Blog: A balanced approach to the legalities surrounding ‘gag’ clauses is needed

Stephen Holst
Stephen Holst

Stephen Holst, partner at McCann FitzGerald, writes on the complex issue of “gag” clauses.

The use of confidentiality and non-disparagement clauses, sometimes called ‘gag’ clauses, in employment settlement agreements has been the source of criticism in light of recent revelations regarding the covering up of alleged wrongdoings by public figures.

There is unquestionably an important public interest in preventing employers from intimidating employees into unwillingly signing gag clauses that hide matters from the public interest or silence those who may have been subject to, or are aware of, serious wrongdoing, for example, abuse. Even if not legally effective, the inclusion of such provisions can be enough to stop an employee raising a matter any further.

The Comptroller and Auditor General has commented that, in the public sector, such provisions “should acknowledge statutory override of confidentiality terms and should not interfere with employees’ rights or prevent the employer from fulfilling its accountability obligations”.

However, the use of such clauses in appropriate circumstances does serve a valid purpose in ensuring that both employee and employer can agree to a clean break where relations have broken down between the parties.

In many employment settlements, there is no wider public interest or serious wrongdoing involved. The parties merely want to reach a private settlement and get on with their lives.

Employees can move forward with their careers knowing that the former employer cannot lawfully damage their reputation. Employers are not, however, likely to make payments under a settlement agreement if they cannot protect against an employee subsequently damaging the employer’s reputation or divulging the contents of a settlement agreement.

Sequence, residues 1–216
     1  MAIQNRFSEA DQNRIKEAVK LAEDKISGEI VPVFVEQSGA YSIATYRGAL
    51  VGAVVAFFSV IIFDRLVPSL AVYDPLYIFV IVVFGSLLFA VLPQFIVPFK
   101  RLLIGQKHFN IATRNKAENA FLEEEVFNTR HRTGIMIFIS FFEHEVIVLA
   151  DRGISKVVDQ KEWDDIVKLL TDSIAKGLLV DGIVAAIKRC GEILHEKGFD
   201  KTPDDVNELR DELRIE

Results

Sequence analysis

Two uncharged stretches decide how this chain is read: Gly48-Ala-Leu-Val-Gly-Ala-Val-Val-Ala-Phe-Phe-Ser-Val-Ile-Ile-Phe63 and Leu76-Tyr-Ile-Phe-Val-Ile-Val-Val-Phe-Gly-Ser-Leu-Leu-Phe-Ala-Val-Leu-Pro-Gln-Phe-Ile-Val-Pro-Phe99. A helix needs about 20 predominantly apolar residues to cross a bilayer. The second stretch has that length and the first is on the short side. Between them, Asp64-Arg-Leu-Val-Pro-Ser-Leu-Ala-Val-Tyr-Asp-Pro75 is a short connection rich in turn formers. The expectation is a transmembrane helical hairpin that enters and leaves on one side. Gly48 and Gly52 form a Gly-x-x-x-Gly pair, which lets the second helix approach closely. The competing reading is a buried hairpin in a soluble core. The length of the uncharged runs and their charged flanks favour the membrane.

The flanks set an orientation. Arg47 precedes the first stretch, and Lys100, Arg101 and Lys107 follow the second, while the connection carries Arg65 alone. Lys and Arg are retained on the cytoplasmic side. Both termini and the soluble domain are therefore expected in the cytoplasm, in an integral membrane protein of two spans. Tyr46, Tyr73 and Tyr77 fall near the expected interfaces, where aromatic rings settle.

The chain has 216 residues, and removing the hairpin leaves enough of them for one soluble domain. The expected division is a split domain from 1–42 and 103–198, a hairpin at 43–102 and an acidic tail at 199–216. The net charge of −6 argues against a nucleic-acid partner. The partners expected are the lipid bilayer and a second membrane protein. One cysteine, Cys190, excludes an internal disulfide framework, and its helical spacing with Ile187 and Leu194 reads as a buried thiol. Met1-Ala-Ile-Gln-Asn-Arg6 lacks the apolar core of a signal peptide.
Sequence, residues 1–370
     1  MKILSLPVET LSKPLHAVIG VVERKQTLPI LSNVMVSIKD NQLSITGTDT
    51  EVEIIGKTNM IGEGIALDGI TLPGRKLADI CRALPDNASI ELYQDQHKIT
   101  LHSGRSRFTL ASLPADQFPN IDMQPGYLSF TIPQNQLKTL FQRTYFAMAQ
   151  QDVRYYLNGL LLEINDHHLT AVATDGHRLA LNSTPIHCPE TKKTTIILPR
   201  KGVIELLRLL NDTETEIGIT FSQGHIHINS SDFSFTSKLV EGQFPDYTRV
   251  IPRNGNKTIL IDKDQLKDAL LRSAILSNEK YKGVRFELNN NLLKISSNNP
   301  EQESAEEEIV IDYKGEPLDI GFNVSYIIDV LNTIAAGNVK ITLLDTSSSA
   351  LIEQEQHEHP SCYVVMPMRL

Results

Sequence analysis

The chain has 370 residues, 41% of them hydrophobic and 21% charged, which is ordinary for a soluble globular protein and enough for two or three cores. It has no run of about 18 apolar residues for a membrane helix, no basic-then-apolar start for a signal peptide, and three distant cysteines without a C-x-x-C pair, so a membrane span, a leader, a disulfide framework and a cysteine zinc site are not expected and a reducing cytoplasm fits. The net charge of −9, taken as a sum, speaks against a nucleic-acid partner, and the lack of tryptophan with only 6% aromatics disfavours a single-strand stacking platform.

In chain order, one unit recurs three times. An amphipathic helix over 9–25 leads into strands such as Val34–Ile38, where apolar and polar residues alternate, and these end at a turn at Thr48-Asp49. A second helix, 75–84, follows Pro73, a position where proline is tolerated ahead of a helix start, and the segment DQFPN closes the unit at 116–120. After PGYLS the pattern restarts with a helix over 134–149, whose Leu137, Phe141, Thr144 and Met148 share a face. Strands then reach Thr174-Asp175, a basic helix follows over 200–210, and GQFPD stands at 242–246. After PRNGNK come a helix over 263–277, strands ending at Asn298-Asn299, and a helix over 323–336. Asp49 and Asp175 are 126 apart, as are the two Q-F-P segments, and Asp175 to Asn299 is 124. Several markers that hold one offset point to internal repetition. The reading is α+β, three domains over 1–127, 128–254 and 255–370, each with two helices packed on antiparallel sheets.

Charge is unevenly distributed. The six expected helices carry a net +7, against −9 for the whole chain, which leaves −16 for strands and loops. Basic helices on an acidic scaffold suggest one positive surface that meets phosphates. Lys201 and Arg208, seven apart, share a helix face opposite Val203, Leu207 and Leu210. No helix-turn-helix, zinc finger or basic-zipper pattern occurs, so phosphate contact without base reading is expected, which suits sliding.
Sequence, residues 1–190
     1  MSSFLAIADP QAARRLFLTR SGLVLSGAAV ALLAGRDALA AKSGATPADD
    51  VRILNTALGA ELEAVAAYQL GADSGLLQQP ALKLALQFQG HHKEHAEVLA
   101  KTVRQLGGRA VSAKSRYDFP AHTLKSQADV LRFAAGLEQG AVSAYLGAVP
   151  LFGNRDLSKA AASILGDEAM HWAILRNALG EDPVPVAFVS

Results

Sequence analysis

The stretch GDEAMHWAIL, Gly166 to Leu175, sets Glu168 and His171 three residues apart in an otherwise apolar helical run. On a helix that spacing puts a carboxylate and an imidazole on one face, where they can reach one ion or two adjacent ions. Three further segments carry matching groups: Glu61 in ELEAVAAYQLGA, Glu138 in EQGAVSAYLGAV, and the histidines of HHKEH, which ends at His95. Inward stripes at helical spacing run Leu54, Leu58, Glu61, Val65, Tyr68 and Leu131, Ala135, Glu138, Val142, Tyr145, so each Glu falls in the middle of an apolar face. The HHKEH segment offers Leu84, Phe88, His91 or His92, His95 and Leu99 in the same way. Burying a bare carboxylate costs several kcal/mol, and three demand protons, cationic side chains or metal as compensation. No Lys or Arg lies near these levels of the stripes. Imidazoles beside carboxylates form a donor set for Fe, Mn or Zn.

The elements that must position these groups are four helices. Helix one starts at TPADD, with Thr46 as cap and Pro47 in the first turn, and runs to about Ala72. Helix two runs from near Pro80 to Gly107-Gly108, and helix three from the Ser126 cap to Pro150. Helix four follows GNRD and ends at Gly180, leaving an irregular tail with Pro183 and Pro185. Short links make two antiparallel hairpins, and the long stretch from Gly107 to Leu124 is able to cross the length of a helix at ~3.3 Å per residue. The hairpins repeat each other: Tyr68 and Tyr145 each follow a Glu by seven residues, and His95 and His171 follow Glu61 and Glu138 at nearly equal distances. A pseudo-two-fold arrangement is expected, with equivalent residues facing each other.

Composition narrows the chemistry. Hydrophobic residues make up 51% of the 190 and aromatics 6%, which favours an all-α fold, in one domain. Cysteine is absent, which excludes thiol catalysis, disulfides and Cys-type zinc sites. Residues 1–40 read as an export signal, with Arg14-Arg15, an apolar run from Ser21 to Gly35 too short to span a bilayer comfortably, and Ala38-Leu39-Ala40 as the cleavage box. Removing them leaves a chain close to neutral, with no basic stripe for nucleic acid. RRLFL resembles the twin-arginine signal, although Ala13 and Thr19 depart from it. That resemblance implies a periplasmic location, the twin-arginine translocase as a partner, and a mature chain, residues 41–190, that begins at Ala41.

Irish law has attempted to strike a balance. Firstly, the High Court has ruled that for an employment settlement agreement (including confidentiality provisions) to be valid it must be entered into without undue influence or intimidation and the opportunity to obtain legal advice must be provided.

In addition, the Protected Disclosures Act 2014 prevents an employer from restraining a current or former employee from making a protected disclosure because the employee has signed a settlement agreement.

Employers have tried to deal with the second limitation by requiring an employee to confirm in writing that they are not aware of circumstances which would give rise to a protected disclosure at the time of signing, effectively trying to bind the employee to their own words.

However, in the financial services sector, the Central Bank of Ireland has commented that it is inappropriate for regulated institutions to use such a model.

Placing employee settlement agreements and the requirement to obtain independent legal advice on a statutory footing is certainly a sensible starting point. This is already the case in the UK.

There may also be merit in extending the role of the independent legal adviser, particularly in circumstances of vulnerability such as alleged harassment, so that an agreement in those circumstances is only binding if the legal adviser certifies in writing that they enquired to ensure an employee was not acting under duress and that the employee had been appropriately legally advised.

It has been suggested that employers should publish the number (but not the content) of employee settlements in which confidentiality clauses are included.

However, in doing so, an employer may be perceived to have breached employment law in each settlement, when the reality may have been that both parties were happy to enter into a mutually beneficial agreement.

In a small organisation, the publishing of a settlement at all could identify that a particular individual in that organisation had negotiated a settlement, when both parties had in fact agreed to present a departure as a resignation for the benefit of the employee. Requiring publication would likely require employers to take a firmer line with these matters.

In light of recent events, it is important to consider the appropriateness of confidentiality obligations in settlement agreements and whether the limitations of existing Irish law are appropriate, clear and serve to benefit all parties involved.

A statutory codification of the existing legal position, as is already the case in the UK, is a very sensible starting point.

However, a balanced approach is necessary to ensure that the settlement of appropriate workplace issues is not inhibited, there is recognition that not all employment law issues are the same and also that there are appropriate protections in place for vulnerable employees.

  • Stephen Holst is a recently-appointed employment partner at McCann FitzGerald. You can view his profile here.
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